The US School System

US School system

Hey there, and welcome to Speak English with Christina, where you’ll have fun becoming fluent in American English. I’m your English coach Christina and today, we’re going back to school!

What’s the real goal of the American school system? How should you talk to your kid’s teachers? What’s expected of you as a parent? (Hint: A LOT!) If you’ve moved your family to the USA, or are thinking about it, and the American school system is a mystery for you, this episode will clear things up!
Let’s go!

Tuesday May 22: FINAL DAY to join the Faster Fluency Conversation Club

Wouldn’t it be great to talk about subjects like this together?

To practice speaking English, and learn about other cultures? Good news, you still have one day to join the Faster Fluency Conversation Club, where you’ll get regular speaking practice to boost your fluency faster, plus corrections and help from me!

All the details and registrations are at https://christinarebuffet.com/join-faster-fluency-conversation-club/

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Now, let’s talk about the American school system.

“Good job!”

The first thing you might notice about the American school system is the teachers’ super positive attitude. Some people might say they’re little too positive…

If there’s one phrase your kids must understand it’s this: “Good job!” Teachers encourage students when they succeed, like “Good job, Joey, you got an A on your math test!”
And teachers encourage students when they…don’t. “You came in 8th place in the competition? Well, you did your best. Good job!”

Teachers, coaches, the high school principal, they’re all about positive reinforcement & encouragement. Schools exist to educate your kids, but also to build their self-confidence…which is probably why we Americans think we’re the best at everything…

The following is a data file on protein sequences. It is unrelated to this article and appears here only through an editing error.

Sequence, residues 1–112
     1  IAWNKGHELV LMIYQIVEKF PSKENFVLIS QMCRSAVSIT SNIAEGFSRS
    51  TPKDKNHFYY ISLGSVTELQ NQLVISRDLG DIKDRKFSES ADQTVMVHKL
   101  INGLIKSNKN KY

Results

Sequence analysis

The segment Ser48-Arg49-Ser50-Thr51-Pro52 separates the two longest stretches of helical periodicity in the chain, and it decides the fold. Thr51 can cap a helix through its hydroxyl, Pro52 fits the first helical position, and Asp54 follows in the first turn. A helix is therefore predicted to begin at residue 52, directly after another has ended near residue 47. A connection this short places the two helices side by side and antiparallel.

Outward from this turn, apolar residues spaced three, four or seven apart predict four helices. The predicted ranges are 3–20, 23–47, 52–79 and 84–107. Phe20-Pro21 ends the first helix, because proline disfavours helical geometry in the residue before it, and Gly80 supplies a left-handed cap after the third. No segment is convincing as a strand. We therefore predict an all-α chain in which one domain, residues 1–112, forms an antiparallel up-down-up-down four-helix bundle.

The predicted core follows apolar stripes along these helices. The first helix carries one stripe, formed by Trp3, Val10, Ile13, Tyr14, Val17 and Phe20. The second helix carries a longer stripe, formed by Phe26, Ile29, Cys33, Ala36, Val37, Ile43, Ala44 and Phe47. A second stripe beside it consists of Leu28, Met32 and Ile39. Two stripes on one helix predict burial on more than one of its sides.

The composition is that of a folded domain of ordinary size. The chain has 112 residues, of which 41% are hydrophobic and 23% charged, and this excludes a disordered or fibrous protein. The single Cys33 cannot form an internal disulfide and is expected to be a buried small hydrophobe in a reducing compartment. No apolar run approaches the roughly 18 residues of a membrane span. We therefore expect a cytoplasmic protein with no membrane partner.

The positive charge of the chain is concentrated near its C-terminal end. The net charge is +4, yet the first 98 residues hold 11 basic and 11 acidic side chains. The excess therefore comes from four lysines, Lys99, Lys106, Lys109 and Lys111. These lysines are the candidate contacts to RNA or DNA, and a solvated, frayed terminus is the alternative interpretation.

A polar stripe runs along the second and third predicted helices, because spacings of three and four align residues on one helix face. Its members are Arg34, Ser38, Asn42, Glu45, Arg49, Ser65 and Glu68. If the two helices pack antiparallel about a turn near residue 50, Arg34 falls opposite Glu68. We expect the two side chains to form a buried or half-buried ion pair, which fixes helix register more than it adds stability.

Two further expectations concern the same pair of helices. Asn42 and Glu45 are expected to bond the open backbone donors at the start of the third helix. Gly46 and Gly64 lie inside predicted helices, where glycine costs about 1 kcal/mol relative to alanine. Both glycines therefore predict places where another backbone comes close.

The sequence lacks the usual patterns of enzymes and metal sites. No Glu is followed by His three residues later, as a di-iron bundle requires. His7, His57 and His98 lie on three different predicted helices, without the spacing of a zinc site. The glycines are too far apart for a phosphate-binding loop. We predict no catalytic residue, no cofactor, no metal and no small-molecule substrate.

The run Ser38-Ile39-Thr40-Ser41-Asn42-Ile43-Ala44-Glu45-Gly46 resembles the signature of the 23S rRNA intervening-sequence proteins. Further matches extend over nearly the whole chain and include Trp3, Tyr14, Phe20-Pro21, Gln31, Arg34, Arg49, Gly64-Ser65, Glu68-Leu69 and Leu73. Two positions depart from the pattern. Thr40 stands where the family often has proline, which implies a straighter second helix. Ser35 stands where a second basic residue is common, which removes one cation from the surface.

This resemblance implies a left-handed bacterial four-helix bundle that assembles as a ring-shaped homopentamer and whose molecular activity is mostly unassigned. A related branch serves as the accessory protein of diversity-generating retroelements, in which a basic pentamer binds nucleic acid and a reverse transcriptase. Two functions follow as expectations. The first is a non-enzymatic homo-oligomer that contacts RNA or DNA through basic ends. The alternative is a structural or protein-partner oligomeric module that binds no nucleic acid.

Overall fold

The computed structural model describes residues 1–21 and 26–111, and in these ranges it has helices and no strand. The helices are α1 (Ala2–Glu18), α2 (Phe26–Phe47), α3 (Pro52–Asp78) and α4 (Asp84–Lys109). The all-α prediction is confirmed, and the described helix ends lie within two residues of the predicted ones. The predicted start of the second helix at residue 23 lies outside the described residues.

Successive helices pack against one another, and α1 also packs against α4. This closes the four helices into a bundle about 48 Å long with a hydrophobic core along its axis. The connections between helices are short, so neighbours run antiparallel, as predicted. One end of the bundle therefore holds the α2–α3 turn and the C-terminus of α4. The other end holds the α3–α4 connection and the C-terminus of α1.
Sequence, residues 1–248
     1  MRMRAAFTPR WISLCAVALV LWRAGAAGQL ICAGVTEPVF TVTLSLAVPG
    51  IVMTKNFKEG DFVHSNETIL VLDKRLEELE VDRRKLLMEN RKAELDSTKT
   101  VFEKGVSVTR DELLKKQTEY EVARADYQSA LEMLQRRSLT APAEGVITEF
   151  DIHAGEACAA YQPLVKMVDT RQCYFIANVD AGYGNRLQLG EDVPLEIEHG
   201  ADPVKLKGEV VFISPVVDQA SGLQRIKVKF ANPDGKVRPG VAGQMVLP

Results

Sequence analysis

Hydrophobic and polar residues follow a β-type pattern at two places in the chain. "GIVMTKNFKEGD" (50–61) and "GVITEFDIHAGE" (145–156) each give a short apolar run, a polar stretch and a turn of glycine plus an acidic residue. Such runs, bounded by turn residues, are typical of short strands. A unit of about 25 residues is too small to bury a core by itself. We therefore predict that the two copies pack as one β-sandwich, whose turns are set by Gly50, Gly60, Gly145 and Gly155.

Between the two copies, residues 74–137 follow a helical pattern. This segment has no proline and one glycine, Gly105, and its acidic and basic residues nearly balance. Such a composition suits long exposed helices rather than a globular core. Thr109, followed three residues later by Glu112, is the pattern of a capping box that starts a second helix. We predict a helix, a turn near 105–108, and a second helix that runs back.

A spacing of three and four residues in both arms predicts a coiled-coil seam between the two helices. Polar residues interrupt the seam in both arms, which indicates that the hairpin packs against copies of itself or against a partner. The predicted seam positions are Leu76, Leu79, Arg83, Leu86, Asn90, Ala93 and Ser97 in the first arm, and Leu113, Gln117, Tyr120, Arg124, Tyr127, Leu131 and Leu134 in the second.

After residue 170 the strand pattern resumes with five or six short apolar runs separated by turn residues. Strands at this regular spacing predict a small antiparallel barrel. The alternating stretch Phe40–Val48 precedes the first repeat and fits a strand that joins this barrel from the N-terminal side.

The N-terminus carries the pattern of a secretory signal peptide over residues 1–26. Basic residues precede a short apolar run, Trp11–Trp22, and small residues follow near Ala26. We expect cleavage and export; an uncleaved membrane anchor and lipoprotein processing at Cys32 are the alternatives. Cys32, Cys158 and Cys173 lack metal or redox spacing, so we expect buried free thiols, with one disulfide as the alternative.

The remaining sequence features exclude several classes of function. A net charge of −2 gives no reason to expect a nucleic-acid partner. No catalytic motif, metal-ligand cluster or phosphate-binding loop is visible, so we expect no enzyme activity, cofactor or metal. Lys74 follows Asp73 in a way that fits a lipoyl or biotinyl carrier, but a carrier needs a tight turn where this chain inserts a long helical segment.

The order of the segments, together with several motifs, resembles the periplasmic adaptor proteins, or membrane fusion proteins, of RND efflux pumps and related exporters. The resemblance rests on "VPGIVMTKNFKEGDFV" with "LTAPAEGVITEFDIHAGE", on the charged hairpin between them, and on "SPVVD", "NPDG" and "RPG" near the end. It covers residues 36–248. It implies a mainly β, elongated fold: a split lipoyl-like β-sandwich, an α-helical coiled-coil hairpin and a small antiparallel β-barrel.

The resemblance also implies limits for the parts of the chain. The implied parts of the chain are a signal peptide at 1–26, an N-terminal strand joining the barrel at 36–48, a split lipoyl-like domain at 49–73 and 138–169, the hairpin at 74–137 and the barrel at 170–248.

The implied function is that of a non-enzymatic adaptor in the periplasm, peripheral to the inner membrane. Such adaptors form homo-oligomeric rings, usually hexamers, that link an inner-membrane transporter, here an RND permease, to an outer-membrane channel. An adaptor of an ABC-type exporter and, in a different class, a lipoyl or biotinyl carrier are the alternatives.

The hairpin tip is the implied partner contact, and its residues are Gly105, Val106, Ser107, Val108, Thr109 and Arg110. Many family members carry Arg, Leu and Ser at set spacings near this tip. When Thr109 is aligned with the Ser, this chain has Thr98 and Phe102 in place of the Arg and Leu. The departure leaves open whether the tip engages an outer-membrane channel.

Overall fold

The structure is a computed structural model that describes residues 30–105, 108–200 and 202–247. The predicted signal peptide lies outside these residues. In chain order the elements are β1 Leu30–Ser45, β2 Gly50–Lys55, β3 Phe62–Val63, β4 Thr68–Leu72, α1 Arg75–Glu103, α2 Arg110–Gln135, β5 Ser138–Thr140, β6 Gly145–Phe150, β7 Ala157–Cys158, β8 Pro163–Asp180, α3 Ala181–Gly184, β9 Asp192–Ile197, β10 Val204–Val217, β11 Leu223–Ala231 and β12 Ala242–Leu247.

Practical projects

Americans have a reputation for being pragmatic, and maybe it starts in the school system. Group and individual projects are a big part of school programs, and often there’s more practice than theory.

Sure, there are the standard history projects, English projects, and things like that. But they may also be related to the real world.

One parent, Laurent, told me how his kids learned to do taxes because the school organized a project where middle school students worked on tax returns for local citizens.
When I was in middle school, we had a project where we learned to play the stock market. I’m not even joking… You may be surprised with the kinds of projects your kids come home with!

Sports, sports, sports

Sure classes are important in American schools, but sports are just as important. And honestly, sometimes more important, which is not always a good thing.

But school sports are a huge part of American students’ education, from elementary school to university. It’s a way to develop kids’ character, leadership, and team spirit but it’s hard work.

If your kids play sports, they have to arrive at school early or stay late after classes. They might have practice 5 times a week and during summer break, with matches every weekend.

Students in the American school system work hard to be good at their sports, and for good reason. If you’re good in sports, you can get a scholarship, that pays for your very expensive university fees.

Last year, an estimated 3 billion dollars in athletics scholarships were given to student athletes. In American schools, sports is a business, not just a fun weekend hobby!

Parent Teachers Association

If you thought school was just for your kids, think again. American schools ask A LOT of the parents, like with the PTA, or Parent-Teacher Association.

There are all sorts of roles for parents: Becoming room parents and organizing events for students, accompanying classes when they take field trips, becoming a band parent if your kid is in the marching band.

Parents are expected to volunteer and be active in the school life too! Why? According to the National Parent Teachers Association, and I quote “when parents are involved in school processes, students achieve more regardless of socioeconomic status, ethnic/racial background, or the parents’ education levels.”

Basically the more you as a parent participate in school life, the better the students perform, according to the national PTA. And since American schools are competitive, they want you to be involved as much as possible.

Now, what about you?

If you live in the USA, or have friends who do, what are some surprising things you’ve noticed about the school system, good or bad? Oh, because we didn’t even talk about the, ahem, “food” they often serve in the cafeteria. Let’s just say, invest in a good lunch box if you want your kid to eat healthy….

And if you want an exciting opportunity to practice speaking with me and other Ambassadors from around the world, join the Faster Fluency Conversation Club, which is happening in May and June of 2018.

Go to this page for the dates, details, and to register for the program. Today, May 22, 2018 is the final day to join!
Thanks for watching Speak English with Christina, and I’ll see you next time!

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